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What do you do when you need to rely upon a consultant’s report, there is no formal appointment in place and you have no right to call for a collateral warranty or request the grant of third party rights?

The answer is to request a reliance letter from the consultant. If correctly entered into, a reliance letter allows the recipient to use, copy and rely on the contents of the required report.

But make sure you have considered and checked the following points:

  • It is a contract:  The recipient will need to have provided consideration for the letter to be enforceable as a contract. If possible, see if the consultant will execute the letter as a deed to provide for a longer limitation period.
  • The date of the reports: When were the reports provided, if this is over six years ago then the reliance letter will need to be executed as a deed. Generally, however, check the dates of the reports to see when any claim on a report may become statute barred.
  • The factual details: Check that the client procuring the letter of reliance is the same as that on the report. Check the names of the recipient of the letter and the consultant together with the reference details of the report.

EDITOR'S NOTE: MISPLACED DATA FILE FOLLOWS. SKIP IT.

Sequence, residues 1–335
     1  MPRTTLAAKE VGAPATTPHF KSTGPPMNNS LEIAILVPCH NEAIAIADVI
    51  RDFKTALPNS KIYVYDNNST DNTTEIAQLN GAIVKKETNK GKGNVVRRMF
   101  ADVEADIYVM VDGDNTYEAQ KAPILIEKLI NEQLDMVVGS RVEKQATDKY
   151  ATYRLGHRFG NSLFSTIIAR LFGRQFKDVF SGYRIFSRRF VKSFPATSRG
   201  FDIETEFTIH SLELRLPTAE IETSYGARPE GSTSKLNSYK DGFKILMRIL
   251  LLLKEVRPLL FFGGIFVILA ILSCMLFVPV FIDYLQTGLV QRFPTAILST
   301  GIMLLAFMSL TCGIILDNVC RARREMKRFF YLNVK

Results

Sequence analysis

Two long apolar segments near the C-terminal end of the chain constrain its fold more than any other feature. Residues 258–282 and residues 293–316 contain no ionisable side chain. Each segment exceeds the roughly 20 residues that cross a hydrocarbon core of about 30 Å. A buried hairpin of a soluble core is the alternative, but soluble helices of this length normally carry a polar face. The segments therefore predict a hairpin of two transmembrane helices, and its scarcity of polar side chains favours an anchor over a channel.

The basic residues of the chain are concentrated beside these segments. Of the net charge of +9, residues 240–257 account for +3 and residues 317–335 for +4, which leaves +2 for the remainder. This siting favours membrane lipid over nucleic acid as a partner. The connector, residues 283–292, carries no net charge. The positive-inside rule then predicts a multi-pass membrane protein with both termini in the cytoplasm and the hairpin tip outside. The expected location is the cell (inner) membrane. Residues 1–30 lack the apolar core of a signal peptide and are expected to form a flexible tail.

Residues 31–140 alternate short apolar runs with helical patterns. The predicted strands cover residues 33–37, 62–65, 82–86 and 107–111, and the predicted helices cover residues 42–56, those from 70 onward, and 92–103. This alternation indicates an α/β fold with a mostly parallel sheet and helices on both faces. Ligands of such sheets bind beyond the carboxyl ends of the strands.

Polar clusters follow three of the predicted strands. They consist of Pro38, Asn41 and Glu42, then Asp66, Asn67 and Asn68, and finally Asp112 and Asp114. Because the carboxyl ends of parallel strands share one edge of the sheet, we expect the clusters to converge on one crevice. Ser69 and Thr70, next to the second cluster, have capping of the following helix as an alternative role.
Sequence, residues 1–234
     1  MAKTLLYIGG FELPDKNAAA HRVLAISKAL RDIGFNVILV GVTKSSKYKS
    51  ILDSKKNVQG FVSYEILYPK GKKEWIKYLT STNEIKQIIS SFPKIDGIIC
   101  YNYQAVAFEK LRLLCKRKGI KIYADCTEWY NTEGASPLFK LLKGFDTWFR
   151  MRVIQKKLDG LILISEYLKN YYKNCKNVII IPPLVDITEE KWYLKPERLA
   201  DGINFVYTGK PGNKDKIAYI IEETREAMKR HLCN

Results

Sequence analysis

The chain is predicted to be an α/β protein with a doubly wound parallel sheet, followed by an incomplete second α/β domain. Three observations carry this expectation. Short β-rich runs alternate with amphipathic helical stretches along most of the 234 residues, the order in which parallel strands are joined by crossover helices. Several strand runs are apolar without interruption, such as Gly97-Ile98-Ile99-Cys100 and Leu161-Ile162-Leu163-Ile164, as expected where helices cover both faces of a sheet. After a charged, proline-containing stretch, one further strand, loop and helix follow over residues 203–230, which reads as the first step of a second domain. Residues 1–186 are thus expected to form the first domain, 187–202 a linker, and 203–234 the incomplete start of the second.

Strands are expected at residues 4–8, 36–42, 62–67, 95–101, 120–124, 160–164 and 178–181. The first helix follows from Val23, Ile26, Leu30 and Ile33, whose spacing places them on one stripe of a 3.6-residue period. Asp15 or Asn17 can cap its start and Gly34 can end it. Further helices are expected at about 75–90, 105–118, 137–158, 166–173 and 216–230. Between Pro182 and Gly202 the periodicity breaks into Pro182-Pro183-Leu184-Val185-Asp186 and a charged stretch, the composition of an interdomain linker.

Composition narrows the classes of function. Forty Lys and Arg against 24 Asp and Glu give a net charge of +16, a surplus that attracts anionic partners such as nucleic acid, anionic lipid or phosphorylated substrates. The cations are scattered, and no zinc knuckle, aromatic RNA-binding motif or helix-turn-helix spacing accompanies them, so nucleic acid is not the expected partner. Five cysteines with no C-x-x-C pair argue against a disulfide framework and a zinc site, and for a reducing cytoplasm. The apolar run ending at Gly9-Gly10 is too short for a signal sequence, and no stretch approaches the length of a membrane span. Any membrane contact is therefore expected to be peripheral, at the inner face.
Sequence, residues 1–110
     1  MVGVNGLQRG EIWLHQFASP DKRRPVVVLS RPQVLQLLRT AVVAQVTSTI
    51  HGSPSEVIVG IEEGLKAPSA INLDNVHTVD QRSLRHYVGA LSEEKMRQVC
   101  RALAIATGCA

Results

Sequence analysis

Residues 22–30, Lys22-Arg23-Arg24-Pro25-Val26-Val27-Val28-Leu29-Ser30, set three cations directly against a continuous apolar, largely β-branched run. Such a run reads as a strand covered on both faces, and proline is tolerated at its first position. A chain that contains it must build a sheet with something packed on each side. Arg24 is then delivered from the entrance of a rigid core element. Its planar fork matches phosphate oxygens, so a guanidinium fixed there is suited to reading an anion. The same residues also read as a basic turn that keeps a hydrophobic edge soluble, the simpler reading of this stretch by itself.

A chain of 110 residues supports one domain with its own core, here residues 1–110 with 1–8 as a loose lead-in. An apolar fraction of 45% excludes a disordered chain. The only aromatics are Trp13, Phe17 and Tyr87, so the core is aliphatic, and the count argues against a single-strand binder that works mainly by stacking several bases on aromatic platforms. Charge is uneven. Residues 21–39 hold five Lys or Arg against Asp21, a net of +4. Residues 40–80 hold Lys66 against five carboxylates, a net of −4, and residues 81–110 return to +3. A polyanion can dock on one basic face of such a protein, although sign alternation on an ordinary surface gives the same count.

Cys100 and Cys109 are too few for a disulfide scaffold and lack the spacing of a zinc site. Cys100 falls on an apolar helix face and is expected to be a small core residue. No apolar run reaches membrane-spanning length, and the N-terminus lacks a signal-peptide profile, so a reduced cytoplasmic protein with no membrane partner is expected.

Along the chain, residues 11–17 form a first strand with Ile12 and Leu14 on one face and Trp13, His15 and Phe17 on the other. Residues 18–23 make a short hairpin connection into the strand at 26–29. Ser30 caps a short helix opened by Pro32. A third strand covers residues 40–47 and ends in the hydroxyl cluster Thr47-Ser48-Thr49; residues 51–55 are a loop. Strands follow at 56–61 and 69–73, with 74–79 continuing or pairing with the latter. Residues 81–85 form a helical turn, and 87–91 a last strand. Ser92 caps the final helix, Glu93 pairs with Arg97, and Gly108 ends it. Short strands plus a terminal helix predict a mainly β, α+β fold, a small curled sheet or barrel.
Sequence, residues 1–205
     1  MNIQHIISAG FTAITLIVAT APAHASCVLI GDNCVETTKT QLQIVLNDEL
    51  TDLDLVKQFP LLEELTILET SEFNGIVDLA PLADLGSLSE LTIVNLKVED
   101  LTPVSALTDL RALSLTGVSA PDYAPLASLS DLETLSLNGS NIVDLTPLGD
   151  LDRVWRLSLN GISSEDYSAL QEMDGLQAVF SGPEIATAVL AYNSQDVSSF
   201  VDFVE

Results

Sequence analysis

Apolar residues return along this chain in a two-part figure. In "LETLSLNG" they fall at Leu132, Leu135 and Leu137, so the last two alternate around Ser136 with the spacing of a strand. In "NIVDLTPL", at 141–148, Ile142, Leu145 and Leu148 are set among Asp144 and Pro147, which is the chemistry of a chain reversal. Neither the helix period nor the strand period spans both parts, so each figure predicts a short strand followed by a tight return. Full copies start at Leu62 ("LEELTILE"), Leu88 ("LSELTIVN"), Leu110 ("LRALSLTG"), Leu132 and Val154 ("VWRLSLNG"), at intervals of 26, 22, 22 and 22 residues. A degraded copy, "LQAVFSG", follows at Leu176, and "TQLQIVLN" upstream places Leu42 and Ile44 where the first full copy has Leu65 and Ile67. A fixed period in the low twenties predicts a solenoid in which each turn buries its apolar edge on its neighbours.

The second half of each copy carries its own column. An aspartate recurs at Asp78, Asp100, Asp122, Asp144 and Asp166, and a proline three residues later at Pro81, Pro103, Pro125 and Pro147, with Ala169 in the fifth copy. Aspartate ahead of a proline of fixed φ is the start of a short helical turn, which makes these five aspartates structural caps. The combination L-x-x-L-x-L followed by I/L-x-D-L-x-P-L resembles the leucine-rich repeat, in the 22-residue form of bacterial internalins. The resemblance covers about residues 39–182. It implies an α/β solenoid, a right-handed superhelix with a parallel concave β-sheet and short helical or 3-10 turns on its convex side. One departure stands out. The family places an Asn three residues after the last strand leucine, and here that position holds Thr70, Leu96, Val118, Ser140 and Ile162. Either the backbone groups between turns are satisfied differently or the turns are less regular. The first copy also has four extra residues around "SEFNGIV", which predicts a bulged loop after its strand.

• Right to use, copy and rely: Some reliance letters do not actually allow the recipient to rely on the report but merely to reproduce it.  The wording of the letter should be carefully considered to ensure there is express reliance wording and an adequate copyright licence.
  • Insurance: Check that the consultant is required to hold and maintain professional indemnity insurance. If a claim is made in relation to the reports, a recipient would want to know that professional indemnity insurance should be held by the consultant.

For more information, email blogs@gateleyuk.com.


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This blog is intended only as a synopsis of certain recent developments. If any matter referred to in this blog is sought to be relied upon, further advice should be obtained.